Surgical intervention to replace the battery or the electronic implant device when the battery has been totally damaged (depleted) is a common procedure nowadays; it is, however, expensive and it puts the patient at risks of acquiring an infection or some other medical complication. A self-harvesting power source, such as a PV cell, can also allow reducing the size of the implant given that it does not have to contain the battery. This, in turn, will lower the cost of the electronic implant.
A subcutaneous PV cell can produce electric power by absorbing the small fraction of sunlight that can penetrate the human skin. The researchers needed to determine how much power such an arrangement can produce. If the fraction of light reaching the PV cell is not enough to produce around 10 microwatts (uW) of power—the typical power needed to operate a pacemaker—then the subcutaneous cell would be useless.
The team of researchers designed a measuring device to continuously monitor the output of the PV cell. Thirty two volunteers were recruited for the study. The volunteers wore the device as a bracelet over several months throughout the year. To simulate that the PV cell was placed under the skin, optical filters were used to cover the PV cells. These optical filters were designed to have similar optical properties as human skin. The attached figure is a block diagram of the measuring device.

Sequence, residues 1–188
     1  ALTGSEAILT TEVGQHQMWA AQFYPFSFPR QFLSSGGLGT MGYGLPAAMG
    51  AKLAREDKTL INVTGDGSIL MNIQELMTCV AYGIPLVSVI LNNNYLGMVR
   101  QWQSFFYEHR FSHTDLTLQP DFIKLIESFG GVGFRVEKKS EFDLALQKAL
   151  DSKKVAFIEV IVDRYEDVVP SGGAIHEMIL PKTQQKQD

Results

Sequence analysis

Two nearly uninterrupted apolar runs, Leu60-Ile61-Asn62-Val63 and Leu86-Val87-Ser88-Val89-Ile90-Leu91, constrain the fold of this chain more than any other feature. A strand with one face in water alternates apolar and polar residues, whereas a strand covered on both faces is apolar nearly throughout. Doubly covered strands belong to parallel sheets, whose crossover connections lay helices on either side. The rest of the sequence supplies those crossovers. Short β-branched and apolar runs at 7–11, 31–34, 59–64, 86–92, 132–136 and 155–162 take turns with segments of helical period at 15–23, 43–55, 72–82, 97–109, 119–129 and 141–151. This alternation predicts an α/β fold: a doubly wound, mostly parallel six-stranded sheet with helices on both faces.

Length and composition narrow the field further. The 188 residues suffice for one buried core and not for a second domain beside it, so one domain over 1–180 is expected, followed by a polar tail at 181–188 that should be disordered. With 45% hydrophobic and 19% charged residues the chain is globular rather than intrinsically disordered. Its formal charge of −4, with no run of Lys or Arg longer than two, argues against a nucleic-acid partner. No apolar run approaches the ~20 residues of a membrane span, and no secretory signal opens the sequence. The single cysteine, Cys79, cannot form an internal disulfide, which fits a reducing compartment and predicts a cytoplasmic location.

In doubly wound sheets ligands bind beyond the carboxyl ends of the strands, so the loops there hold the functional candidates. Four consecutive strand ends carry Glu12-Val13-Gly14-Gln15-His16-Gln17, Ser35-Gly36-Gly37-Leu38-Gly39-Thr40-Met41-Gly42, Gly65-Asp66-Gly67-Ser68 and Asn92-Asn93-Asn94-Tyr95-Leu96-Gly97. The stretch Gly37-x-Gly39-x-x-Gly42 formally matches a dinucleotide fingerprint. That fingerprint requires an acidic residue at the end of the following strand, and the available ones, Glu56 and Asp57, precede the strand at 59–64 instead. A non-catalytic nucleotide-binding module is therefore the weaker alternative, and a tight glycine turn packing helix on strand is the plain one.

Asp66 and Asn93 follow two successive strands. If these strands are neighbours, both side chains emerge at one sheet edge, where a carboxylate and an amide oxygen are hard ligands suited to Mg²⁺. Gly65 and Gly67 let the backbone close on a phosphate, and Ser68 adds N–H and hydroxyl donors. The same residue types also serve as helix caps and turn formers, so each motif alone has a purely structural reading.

The size of the PV cell used was only 3.6 square centimeters. The results are encouraging. The volunteers showed that the average power output of the cells exceeded the required power to operate most electronic implants. The lowest reading among the participants was 12 uW, more than enough power for a typical pacemaker. For a cell of such a small size, the output power is remarkable. The mean power produced by the volunteers was 67 uW.
The full article (“Energy Harvesting by Subcutaneous Solar Cells: A Long-Term Study on Achievable Energy Output”) was published in January 2017 in the Annals of Biomedical Engineering (2017); it can be found here: http://link.springer.com/article/10.1007%2Fs10439-016-1774-4